Avoid booze and close the curtains: how to cope in England’s 40C heatwave
Health officials are advising people how to stay safe during expected record temperatures next week
Put that cold beer down, hold the iced coffee and shut the window. Common tricks for keeping cool in a British summer do not apply to the sweltering, record-breaking temperatures forecast for much of England early next week.
Heat of 40C (104F) is a risk to life and not only to vulnerable people. Healthy people who do not take care were also in danger, government health officials warned on Friday. So go easy on the caffeine and alcohol, pull the curtains, drink water and stay indoors during the hottest parts of the day. Importantly, do not presume the air outside is cooler than inside. But, most of all, check that people who live alone or in potentially hot and stuffy rooms are safe.
“Heat kills much more quickly than cold,” said Bob Ward, the policy director at the Grantham Research Institute on Climate Change and Environment.
Public health officials seem rattled by the forecasts of 40C in London on Tuesday, along with 38C in the east of England and 37C in the Midlands. In briefings on Friday they used phrases such as “brutal” and spoke of the “gravitas of the situation”, as well as saying “unprecedented” repeatedly. The heat is likely to rise fastest first in East Anglia and Lincolnshire, where the probability of hitting 40C will be highest on Monday. But it is the prospect of up to 48 hours of extreme heat that is causing most concern.
Forecasters say a high heat episode in the UK usually peaks on one day and then breaks, often with thunder. But this time temperatures are going to stay high through the night and then build again. The minimum temperatures are also forecast to be record-breaking, with 24C in London likely, and there is a high probability the mercury will not drop below 25C in London and the north-west on Monday night. That means a greater strain on the body for longer.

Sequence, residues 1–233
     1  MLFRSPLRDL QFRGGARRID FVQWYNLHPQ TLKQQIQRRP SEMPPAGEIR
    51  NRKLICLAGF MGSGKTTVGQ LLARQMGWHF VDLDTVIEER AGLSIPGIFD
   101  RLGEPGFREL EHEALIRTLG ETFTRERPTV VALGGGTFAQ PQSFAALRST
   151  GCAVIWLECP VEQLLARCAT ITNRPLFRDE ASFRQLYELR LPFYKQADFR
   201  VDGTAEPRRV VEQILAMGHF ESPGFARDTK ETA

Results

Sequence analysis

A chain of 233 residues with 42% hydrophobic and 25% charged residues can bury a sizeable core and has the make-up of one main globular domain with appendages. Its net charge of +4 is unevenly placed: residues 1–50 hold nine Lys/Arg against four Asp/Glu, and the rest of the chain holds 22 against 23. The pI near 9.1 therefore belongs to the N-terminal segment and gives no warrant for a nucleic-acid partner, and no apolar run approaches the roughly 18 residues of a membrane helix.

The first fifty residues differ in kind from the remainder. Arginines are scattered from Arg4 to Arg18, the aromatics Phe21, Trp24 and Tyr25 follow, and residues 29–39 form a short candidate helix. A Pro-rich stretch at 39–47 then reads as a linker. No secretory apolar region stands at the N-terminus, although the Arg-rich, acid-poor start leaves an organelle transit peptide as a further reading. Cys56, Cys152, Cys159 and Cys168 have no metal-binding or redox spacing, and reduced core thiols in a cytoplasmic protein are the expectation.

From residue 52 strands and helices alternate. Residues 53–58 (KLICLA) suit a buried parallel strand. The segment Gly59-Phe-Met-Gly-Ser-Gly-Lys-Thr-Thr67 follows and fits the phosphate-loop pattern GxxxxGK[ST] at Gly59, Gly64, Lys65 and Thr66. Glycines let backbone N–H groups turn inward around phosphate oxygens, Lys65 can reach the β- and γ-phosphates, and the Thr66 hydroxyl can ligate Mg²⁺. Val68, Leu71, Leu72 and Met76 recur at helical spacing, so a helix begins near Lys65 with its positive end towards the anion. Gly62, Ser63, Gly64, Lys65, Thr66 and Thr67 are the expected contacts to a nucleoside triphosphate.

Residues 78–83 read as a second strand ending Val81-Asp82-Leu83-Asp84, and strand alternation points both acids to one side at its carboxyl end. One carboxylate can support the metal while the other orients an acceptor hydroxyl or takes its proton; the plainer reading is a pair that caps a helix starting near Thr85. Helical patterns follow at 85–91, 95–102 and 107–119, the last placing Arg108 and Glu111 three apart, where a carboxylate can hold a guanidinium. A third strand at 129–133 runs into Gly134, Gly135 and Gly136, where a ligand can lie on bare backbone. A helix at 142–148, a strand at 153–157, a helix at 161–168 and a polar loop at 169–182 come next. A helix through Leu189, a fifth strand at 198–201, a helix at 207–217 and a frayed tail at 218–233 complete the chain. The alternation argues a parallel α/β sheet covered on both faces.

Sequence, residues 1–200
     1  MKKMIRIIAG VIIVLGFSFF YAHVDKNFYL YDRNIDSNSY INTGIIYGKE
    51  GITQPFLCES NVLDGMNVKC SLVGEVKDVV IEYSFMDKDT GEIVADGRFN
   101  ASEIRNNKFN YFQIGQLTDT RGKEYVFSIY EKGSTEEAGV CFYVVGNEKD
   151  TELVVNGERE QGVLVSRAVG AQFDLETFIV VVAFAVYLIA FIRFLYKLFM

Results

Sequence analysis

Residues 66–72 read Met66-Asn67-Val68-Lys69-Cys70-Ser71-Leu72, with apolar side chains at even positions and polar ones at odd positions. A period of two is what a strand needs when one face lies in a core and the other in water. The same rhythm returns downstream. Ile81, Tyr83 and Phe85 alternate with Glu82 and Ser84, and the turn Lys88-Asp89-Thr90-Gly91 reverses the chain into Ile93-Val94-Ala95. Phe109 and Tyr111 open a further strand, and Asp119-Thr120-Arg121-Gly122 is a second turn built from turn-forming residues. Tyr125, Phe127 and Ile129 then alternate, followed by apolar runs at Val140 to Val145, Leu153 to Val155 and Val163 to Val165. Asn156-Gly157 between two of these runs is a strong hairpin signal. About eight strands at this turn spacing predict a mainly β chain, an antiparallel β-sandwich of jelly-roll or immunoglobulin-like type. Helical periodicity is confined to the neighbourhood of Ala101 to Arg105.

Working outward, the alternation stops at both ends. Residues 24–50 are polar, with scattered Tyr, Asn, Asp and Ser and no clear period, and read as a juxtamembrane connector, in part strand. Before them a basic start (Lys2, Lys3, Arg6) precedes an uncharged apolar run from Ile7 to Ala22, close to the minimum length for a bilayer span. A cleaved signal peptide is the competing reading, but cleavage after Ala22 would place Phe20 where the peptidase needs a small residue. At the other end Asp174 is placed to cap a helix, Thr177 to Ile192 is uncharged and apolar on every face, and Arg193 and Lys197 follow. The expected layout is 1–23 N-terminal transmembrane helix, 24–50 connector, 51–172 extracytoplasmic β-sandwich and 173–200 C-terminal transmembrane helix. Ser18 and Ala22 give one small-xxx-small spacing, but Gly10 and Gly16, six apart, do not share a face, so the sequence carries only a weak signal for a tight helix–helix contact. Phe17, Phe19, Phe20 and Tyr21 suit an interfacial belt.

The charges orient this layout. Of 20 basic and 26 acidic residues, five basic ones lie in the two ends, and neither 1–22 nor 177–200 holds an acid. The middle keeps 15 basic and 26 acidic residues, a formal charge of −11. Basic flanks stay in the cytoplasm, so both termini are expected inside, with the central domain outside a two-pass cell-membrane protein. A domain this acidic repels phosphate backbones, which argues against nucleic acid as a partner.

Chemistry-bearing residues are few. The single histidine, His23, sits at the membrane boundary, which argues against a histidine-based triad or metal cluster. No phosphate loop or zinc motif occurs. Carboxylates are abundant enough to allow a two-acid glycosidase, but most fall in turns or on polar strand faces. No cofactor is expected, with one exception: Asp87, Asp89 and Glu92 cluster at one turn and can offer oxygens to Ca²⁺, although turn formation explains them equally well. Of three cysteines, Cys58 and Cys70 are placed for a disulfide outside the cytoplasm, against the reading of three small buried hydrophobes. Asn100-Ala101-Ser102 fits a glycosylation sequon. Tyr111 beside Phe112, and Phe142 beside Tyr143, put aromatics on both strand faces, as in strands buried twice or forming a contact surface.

As our bodies try to cope, problems will include dehydration, a loss of salts through sweating, and heat exhaustion; there could be health problems such as swollen ankles as blood vessels leak: blood pressure might drop and people might pass out – the body’s way of getting prone so it can focus on getting resources to vital organs; and then there is heatstroke, a medical emergency when the body’s core temperature surges.
Drinking water, getting water on to the skin and seeking cool temperatures – for example in public buildings – are among the tips from the UK Health Security Agency. The government is not ordering the blanket closure of schools because it says there is no public health reason to do so. In fact, schools and offices may be cooler than people’s homes.
The heat will pass, but any reprieve may be temporary. Met Office forecasters already have their eye on patterns showing rising temperatures around the Mediterranean in August that have a similar potential to push northwards to the UK bringing an increased chance of more very high heat.
“This is a wake-up call for climate change,” said Prof Hannah Cloke, a climate expert and natural hazards lecturer at the University of Reading. “We are going to see these worsening hot summers but we can stop it getting really, really bad if we do something now. This cannot be reversed. We are locked into climate change and we need to work out what we are going to do about it.”